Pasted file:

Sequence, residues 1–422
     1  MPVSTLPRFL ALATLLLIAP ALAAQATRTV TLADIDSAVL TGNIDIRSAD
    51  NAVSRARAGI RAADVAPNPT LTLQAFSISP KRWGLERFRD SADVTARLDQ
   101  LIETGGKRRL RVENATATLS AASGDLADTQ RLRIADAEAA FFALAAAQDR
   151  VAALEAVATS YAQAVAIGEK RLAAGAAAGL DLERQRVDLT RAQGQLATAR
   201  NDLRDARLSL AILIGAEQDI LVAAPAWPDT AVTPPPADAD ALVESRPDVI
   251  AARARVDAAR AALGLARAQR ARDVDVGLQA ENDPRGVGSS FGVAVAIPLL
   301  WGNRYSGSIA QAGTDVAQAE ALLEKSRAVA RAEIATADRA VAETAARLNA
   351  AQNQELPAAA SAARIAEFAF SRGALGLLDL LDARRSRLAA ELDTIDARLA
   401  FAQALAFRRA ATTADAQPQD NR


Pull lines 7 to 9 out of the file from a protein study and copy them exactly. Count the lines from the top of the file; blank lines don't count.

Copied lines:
   251  AARARVDAAR AALGLARAQR ARDVDVGLQA ENDPRGVGSS FGVAVAIPLL
   301  WGNRYSGSIA QAGTDVAQAE ALLEKSRAVA RAEIATADRA VAETAARLNA
   351  AQNQELPAAA SAARIAEFAF SRGALGLLDL LDARRSRLAA ELDTIDARLA